4As Management 2006

Zenith's billion-dollar breakout

By Published on .

In 2000, zenith media held its annual Christmas party at a convenient venue just a few blocks away from its Manhattan office.

"We had a very good year in 2000," says Tim Jones, president of Zenith Media, jointly owned by Publicis Groupe and Cordiant Communications Group. "We won Verizon, ExxonMobil and AstraZeneca. We felt as if we were on top of the world. So at the end of the year we had a party. It was at Windows on the World."

In 2001, Zenith started off strong, winning United Airlines in January. "I told everyone let's keep the momentum going and we'll have another party at Windows on the World," says Mr. Jones.

Zenith proceeded to increase its billings by 40% over 2000, acquiring an estimated $1 billion in new business, including work for Boston Beer Co., General Mills, Schering-Plough Corp., Georgia-Pacific Corp. and the Centers for Disease Control & Prevention. It won 13 out of 16 pitches in which it competed. Also last year, the shop launched a new division, Zenith Direct; opened new offices in Seattle and Newport Beach, Calif.; hired 165 new employees in offices across the country; did not lay off a single member of its staff of 450; and suffered not a single client loss. All this in the midst of a recession. For this and more, Zenith has justly earned Advertising Age`s designation as Media Agency of the Year finalist.

"We didn't, however, have a party at Windows on the World," Mr. Jones, says somberly of the 2001 holiday celebration.

The famed World Trade Center restaurant was destroyed in the Sept. 11 terrorist attack. The event was witnessed firsthand by the staff of Zenith's New York office from its 10th floor windows that had directly faced the landmark.

"We live down here," says Peggy Green, president of national broadcast. "We saw this building implode. We saw people get killed. It affected us deeply. But we continued to work."

not just a business

Rich Hamilton, CEO of Zenith Media, likes to say that his shop is not just a business-it's a family, made of personalities and human beings who act on an intimate, caring level with each other and clients. According to Mr. Hamilton, it is this human dimension, even more than the agency's proven planning and strategy expertise, that accounts for Zenith's successes. This was demonstrated after the tragedy of Sept. 11, which occurred so close to home that some employees were traumatized and were given time off to recover.

Also deeply affected were clients such as Verizon Communications, which had offices at the destroyed 7 World Trade Center. Zenith's Verizon team couldn't return to their offices on Sept. 12 because downtown was sealed off, so they worked at home around the clock, assembling a critically important newspaper package for Verizon, with ads that dramatically addressed the tragedy, expressed regrets, and vowed to keep phone services up and running.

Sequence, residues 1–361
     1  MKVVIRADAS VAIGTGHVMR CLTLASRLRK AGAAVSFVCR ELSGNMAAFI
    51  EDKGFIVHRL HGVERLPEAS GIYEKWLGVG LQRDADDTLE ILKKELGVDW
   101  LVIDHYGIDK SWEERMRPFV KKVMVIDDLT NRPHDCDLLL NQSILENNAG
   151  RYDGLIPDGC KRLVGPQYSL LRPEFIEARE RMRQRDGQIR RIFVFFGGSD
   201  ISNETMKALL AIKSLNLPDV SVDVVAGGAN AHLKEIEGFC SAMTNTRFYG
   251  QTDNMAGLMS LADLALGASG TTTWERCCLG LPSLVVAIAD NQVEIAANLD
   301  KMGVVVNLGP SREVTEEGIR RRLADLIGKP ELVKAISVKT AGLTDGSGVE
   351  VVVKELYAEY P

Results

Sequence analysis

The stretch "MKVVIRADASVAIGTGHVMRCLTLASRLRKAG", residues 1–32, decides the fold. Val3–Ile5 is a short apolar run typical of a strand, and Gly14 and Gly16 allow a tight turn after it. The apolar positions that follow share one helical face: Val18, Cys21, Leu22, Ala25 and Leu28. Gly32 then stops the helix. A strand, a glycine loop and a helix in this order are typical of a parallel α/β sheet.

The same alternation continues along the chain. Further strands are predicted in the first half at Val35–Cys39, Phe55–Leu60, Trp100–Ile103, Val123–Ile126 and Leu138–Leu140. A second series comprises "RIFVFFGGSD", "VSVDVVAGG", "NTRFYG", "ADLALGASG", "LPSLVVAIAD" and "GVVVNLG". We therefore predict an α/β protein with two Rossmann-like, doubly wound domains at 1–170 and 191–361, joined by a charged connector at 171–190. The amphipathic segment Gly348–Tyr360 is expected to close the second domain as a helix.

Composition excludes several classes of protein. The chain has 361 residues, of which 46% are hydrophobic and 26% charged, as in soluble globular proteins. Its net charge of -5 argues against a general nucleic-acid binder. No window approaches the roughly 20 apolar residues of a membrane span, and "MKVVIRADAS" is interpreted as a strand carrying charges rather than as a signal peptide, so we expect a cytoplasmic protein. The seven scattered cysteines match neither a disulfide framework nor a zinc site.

"We weren't sure we should be doing advertising at first," says Bill McCarron, VP-director of media at Verizon. "The people at Zenith helped us come up with the right approach. Talk about resourceful, they were at Ground Zero and couldn't get into their offices. We had Zenith people working for us out of their homes. The National Guard even evacuated Wendy [Marquardt, president of VmZ, the Verizon media group at Zenith] out of her home-she lives across the street from the stock exchange-and still she got the job done."

"We functioned effectively while dealing with our own emotional difficulties," recalls Ms. Marquardt.

"A lot of this comes from our boss," says Ms. Green. "Rich Hamilton is a good man. As big as we are, we have a personality, and that's what distinguishes us from the others."


Mr. Hamilton also has a rich sense of humor. On a tour of his offices, he recalls a visit from Publicis Chairman-CEO Maurice Levy. Mr. Levy, along with Cordiant Chairman Michael Bungey, last year engineered the creation of the Zenith Optimedia Group, a global media holding company pairing Zenith with Publicis' other media unit, Optimedia. The company claims billings of $17 billion globally, making it the fourth-largest media company in the world.

Mr. Hamilton points to three wall clocks in Zenith's reception area that carry the time in New York, London and Hong Kong. "We changed this clock to Paris time," says Mr. Hamilton. "And when Maurice left, we changed it back to London, just in time for a visit by John [Perriss, chairman-CEO Zenith Optimedia Group Worldwide]."

Zenith's Christmas party in 2001 was held at the New York City Fire Department Museum. Although still at the top of their game, Zenith executives decided to stay down to earth, at a human scale, celebrating their success in a place that paid tribute to the city's heroic fire department. "Yes, we danced, and that's on the record," Mr. Hamilton says. "The party was more subdued than last year's event, but the world is a different place today than it was last year. Much different."

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